The Unsolicited Dessert Pusher: How to Defend This person's heart is probably in the right place -- food is often a way to communicate or find common ground, so it could be her way of forging a friendship, explains Conason. If it's a coworker, leave the treats in the break room and ask her to go on an after-lunch walk instead (research shows a 15-minute walk can curb cravings, meaning you won't make a beeline for the treats when you get back to the office). If it's a friend, make sure she's aware that you're watching what you eat. Mentioning something about how much easier it is to resist sweets when they're out of sight will keep her from loading you down with sweets. Plus, if she knows you're eating healthier, she may try to do the same, which will make your goal that much easier. Researchers call it positive peer pressure -- when friends mirror each other's eating habits. Just make sure you're the one setting the trend.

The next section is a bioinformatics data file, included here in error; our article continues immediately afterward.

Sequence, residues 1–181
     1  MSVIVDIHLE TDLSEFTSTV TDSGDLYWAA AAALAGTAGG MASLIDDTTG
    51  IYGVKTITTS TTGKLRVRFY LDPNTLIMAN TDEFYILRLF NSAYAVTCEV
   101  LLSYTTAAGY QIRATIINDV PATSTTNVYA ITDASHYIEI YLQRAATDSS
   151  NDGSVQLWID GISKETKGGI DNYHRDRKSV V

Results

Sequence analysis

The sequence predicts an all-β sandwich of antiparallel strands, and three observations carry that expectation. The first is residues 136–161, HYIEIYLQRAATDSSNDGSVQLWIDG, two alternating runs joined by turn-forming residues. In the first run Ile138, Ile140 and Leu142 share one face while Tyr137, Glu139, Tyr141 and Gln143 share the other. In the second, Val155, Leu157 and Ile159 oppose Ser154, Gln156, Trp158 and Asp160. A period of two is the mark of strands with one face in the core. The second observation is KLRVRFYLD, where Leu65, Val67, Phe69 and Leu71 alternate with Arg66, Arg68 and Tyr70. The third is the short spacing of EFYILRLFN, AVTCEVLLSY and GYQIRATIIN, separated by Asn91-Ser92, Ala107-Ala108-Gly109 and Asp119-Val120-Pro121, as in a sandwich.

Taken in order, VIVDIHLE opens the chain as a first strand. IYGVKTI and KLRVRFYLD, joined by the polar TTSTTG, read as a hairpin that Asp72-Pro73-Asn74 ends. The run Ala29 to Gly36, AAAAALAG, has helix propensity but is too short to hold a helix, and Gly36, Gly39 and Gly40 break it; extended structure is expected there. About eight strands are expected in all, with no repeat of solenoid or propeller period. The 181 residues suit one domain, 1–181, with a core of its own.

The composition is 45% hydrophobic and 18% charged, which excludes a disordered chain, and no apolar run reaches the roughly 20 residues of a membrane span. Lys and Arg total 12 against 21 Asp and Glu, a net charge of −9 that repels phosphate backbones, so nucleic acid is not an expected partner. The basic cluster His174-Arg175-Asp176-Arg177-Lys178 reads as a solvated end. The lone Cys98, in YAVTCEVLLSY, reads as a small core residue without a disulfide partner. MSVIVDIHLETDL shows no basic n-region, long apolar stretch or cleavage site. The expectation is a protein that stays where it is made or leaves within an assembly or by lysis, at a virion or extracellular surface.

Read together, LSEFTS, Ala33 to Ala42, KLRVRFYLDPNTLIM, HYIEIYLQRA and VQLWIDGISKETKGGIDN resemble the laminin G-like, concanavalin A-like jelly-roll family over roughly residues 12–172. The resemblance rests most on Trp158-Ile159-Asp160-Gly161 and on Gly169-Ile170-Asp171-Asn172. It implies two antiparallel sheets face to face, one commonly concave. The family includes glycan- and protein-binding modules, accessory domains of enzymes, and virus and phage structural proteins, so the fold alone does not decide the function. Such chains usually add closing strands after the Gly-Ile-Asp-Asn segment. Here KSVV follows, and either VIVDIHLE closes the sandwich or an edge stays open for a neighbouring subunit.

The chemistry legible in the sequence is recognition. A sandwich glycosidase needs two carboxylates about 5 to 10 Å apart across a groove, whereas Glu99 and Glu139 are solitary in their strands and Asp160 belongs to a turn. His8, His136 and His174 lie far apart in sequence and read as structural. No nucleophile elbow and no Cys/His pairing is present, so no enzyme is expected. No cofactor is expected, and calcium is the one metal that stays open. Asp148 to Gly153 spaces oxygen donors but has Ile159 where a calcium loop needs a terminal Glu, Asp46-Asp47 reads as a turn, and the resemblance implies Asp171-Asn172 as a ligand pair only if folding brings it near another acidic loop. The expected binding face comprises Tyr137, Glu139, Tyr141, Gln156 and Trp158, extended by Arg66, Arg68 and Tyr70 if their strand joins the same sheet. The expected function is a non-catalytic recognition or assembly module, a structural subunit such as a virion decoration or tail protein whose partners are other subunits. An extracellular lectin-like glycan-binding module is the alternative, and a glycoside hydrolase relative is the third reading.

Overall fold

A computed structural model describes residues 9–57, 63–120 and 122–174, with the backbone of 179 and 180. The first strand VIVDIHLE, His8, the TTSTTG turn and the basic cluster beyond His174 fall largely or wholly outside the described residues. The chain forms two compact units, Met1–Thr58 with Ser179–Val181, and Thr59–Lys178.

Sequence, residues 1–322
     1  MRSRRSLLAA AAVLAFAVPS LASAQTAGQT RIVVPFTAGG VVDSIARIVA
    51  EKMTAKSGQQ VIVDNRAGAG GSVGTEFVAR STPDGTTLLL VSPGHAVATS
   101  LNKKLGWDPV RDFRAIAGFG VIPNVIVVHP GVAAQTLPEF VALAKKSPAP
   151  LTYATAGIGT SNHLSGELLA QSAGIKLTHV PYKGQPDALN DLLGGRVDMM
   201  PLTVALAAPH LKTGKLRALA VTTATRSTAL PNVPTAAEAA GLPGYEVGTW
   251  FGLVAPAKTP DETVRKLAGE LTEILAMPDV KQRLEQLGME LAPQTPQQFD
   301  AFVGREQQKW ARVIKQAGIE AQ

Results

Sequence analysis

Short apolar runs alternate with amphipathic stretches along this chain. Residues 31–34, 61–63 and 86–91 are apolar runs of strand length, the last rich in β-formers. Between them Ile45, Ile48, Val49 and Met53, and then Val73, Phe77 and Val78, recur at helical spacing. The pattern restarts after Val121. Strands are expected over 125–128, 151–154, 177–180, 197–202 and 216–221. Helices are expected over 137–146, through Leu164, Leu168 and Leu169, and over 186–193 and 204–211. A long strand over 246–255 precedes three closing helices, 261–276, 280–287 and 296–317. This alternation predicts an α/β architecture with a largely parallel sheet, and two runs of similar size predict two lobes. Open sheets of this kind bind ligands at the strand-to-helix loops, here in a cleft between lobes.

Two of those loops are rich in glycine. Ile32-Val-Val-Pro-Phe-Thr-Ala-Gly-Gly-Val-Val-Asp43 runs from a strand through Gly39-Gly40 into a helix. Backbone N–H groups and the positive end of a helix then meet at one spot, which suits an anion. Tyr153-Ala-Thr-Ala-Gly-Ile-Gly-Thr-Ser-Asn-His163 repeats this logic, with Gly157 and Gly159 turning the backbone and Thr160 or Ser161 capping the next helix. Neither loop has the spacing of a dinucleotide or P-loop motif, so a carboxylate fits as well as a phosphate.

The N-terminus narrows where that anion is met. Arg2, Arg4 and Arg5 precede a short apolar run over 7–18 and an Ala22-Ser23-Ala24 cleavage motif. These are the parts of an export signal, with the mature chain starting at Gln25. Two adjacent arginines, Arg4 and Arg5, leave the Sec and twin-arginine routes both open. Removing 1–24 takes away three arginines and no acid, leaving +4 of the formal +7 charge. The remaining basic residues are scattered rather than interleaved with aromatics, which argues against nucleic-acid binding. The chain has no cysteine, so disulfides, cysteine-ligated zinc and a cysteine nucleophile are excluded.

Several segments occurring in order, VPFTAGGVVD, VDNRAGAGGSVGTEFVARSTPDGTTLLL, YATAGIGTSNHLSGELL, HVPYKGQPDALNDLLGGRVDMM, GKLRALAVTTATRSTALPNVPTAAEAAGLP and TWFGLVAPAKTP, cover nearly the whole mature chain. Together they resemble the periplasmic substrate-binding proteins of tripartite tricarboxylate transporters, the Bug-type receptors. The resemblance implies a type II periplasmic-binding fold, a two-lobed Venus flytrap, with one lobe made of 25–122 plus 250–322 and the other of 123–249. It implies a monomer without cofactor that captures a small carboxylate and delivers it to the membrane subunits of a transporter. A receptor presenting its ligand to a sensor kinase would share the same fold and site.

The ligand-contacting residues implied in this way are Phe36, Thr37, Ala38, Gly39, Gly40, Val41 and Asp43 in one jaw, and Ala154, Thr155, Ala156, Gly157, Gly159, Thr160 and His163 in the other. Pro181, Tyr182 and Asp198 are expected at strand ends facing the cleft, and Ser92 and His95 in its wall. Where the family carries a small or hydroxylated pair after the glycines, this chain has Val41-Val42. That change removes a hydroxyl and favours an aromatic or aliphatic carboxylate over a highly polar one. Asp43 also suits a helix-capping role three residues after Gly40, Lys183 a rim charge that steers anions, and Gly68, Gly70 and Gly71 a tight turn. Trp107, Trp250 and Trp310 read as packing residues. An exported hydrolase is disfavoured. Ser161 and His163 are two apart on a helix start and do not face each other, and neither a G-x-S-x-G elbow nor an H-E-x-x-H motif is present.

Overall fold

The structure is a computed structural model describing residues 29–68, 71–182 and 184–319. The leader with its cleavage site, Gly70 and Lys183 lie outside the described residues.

Ready to unleash your inner beauty junkie?
Enter your email and check the boxes below to get
free samples, exclusive deals, discounts at Total Beauty Shops,
and expert beauty tips delivered straight to your inbox!